Spontaneous tripping — causes?
Originally Published: December 1, 1993 - Last Updated / Reviewed On: July 3, 2009
I want to know what it is when you spontaneously trip without dropping tabs or anything. I've never had any drugs except marijuana. It is weird. I know that tripping is an induced psychosis, so am I psychotic or what? I was seeing a shrink and will be going back into treatment next semester. I think substance use is boring and a complete copout on life. I've made a lot of discoveries without needing to trip. Why does this happen? Tell me what you know.
Dear Gandhi admirer,
There are so many possible causes of what you're experiencing, it's really difficult to pin down one solid explanation. But we can explore some possibilities here. For one, marijuana has been known to produce spontaneous tripping, but usually only in those already vulnerable to psychotic disorders. Certain doses of other drugs such as antihistamines, antidepressants, antibiotics, tranquilizers, and steroids, can also prompt hallucinations. And non-drug-induced mind-altering moments might be due, beyond a healthy, productive imagination, to such conditions as post-traumatic stress and the early onset of psychosis.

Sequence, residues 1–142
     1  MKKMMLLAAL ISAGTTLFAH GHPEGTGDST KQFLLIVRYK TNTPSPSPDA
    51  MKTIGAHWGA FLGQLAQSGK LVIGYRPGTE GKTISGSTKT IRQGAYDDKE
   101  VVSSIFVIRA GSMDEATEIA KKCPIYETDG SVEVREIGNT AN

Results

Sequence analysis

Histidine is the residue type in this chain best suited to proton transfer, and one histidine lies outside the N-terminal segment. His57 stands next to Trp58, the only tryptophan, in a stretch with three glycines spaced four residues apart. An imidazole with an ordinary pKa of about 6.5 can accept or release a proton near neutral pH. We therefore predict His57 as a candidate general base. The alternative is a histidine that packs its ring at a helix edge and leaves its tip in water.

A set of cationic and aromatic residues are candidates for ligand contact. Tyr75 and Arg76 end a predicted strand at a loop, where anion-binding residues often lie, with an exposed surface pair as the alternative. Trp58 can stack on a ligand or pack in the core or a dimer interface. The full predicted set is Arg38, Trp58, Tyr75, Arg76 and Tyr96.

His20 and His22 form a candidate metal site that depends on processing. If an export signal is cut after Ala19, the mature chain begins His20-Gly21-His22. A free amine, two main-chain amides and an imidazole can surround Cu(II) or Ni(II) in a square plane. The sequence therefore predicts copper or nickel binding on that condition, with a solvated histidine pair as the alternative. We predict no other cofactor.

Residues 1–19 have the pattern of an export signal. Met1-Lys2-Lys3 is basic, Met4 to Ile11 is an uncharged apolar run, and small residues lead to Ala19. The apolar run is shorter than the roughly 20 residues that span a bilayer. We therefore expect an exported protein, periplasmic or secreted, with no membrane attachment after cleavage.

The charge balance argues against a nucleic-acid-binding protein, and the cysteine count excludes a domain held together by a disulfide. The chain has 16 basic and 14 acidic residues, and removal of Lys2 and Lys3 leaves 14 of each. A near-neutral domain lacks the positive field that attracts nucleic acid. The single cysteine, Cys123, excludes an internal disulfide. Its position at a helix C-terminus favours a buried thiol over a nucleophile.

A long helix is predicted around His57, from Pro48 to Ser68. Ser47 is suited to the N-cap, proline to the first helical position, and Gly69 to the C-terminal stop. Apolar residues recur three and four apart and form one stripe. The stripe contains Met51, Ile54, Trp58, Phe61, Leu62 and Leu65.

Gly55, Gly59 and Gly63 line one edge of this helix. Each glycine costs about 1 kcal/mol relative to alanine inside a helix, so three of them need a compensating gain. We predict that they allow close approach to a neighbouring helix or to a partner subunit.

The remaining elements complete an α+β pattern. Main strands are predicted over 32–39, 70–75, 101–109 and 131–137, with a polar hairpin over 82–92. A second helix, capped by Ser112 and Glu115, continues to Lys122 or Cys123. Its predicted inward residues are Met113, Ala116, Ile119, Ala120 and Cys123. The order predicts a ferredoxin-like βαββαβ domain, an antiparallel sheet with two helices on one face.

Are you experiencing hallucinations where you see or hear things that are not there? Or are they illusions, where you misperceive what is in front of you? Do they take auditory form? Visual? Both? The DSM-IV attributes the onset of hallucinations to negative stress. In a majority of people, the amount of stress one must experience before having a hallucination is extremely high. In people prone to mental illness, the threshold is much lower. When evaluating whether someone is prone to mental illness, professionals may ask about family history, check your vital signs (blood pressure, pulse, temperature), and conduct oral and written tests to help determine what condition if any (like depression, mania, schizophrenia, post-traumatic shock disorder) could be causing these troubling trips.
Coming from a radically different perspective, one article maintains that not all auditory hallucinations are negative or a sign of mental illness. The author refers to Gandhi as an example of a man who followed "inner voices" to make a difficult decision, and relied on this voice as a form of guidance, high consciousness, and spirituality. In determining whether you might be a Ghandi-emulator as well as a Ghandi-admirer, it might be helpful to ask yourself certain questions such as: Does your tripping interfere with your ability to perform the normal tasks of your life like completing your schoolwork, performing at work, or having good relationships? If so, getting help might be a good idea. It's great that you have a therapist you plan on continuing to work with. Columbia students can also make an appointment with Counseling and Psychological Services by calling x4-2878, or with Primary Care Medical Services by calling x4-2284 or logging into Open Communicator.
Again, only a health care provider can diagnose whether your trips are an effect of a drug you have taken in the past, a tendency toward mental illness, or an active imagination. The next time you see your therapist might be a great time to start in figuring just where your symptoms have their roots, and what you want to do about them.